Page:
Collaborating across multiple health care institutions in an urban colorectal cancer screening program


  • Robert Villanueva MPA,

    Corresponding author
    1. Center for Cancer Prevention and Control, Maryland Department of Health and Mental Hygiene, Baltimore, Maryland
    2. University of Maryland, School of Medicine, Baltimore, Maryland
    • Corresponding author: Robert Villanueva, University of Maryland, School of Medicine, Baltimore, MD 21201; Fax: (770) 488-3230;

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  • Donna Gugel MHS,

    1. Center for Cancer Prevention and Control, Maryland Department of Health and Mental Hygiene, Baltimore, Maryland
    2. Prevention and Health Promotion Administration, Maryland Department of Health and Mental Hygiene, Baltimore, Maryland
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  • Diane M. Dwyer MD

    1. Center for Cancer Prevention and Control, Maryland Department of Health and Mental Hygiene, Baltimore, Maryland
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  • The articles in this supplement were commissioned based on participation in evaluating the Centers for Disease Control and Prevention–funded Colorectal Cancer Screening Demonstration Program.

  • The opinions or views expressed in this supplement are those of the authors and do not necessarily reflect the opinions or recommendations of the journal editors, the American Cancer Society, John Wiley & Sons, Inc., or the Centers for Disease Control and Prevention.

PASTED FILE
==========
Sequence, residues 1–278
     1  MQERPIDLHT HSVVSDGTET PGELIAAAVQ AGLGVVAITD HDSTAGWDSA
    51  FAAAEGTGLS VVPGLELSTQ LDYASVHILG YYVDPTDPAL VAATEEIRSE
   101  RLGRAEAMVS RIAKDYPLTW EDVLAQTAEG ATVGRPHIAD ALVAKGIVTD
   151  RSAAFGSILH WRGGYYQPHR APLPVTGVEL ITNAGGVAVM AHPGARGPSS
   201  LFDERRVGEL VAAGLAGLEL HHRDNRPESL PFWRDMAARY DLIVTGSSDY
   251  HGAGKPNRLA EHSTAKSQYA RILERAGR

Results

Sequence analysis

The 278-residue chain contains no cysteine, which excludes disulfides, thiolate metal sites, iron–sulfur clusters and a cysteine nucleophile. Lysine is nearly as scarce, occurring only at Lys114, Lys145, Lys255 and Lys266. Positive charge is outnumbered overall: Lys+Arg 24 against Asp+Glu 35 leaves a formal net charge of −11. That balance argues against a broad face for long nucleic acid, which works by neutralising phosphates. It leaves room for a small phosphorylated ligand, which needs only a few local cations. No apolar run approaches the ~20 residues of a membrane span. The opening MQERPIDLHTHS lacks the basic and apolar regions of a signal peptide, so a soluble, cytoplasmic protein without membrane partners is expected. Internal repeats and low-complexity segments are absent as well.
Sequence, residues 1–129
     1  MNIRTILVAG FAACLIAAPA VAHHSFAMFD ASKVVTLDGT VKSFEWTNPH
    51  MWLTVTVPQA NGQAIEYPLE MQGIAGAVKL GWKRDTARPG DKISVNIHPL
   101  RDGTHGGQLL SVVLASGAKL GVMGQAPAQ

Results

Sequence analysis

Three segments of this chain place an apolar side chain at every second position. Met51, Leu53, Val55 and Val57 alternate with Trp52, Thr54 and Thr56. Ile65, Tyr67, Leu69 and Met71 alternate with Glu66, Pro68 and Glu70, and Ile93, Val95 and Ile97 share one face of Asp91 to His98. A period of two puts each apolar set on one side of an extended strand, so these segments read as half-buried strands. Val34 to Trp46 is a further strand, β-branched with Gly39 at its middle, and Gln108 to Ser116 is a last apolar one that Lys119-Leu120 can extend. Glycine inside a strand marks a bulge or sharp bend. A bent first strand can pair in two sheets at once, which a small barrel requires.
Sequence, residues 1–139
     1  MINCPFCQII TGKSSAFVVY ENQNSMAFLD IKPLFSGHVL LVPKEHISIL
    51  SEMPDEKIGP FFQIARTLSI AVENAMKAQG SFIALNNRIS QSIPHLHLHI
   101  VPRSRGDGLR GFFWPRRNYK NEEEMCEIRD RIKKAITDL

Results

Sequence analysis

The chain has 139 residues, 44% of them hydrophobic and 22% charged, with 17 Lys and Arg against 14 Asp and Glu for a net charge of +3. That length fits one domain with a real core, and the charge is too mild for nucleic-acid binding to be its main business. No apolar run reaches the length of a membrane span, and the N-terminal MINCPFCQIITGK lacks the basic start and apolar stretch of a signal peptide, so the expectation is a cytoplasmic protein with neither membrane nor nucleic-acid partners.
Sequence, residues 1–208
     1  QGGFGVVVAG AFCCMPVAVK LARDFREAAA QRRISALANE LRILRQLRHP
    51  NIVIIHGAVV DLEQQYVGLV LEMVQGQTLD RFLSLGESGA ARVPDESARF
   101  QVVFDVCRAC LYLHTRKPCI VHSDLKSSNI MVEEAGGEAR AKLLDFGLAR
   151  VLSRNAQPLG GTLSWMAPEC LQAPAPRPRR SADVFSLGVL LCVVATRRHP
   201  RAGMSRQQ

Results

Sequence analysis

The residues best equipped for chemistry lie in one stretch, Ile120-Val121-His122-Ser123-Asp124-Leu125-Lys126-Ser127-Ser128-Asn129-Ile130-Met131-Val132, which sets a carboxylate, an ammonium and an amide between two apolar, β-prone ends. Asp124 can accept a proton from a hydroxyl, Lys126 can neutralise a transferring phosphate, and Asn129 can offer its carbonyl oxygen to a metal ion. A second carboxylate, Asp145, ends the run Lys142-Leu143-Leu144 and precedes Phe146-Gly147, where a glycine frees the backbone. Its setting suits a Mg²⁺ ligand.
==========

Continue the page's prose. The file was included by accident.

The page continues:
• This program would not have been possible without the cooperation and participation of the following individuals from the DHMH CCSC: Barbara Andrews, Marsha Bienia, Carmela Groves, Annette Hopkins, Kitty Musk, Eileen Steinberger, Vicki Varsalone; the following individuals from the participating hospitals: Mary Austin, Jennie Boyer, Kira Eyring, Michael Farrier, Nancy Goldstein, Christine Hendrix, Alva Hutchison, Myra James, Jin Lee, Marylu Manning, Eileen Marks, Candace Shaffer, Eden Stotsky, Toby Tighe, Linda Wieczynski; and the participating colonoscopists: Richard Baum, Sudhir Dutta, Anthony Kalloo, Gopal Kowdley, Robert Mathieson, Patrick Okolo, Justin Somerville, and Rakesh Vinayek.

  • This article is dedicated to the memory of Eileen Marks. Her wisdom, compassion, and commitment were instrumental to the success of the program.



Maryland, excluding Baltimore City, began public health screening for colorectal cancer in 2000. Initiating colorectal cancer screening in Baltimore City was an objective in the Maryland Comprehensive Cancer Control Plan. The Centers for Disease Control and Prevention's (CDC's) funding announcement for the “Colorectal Cancer Screening Demonstration Program” (CRCSDP) was seen as a potential opportunity for Maryland to begin screening in Baltimore City.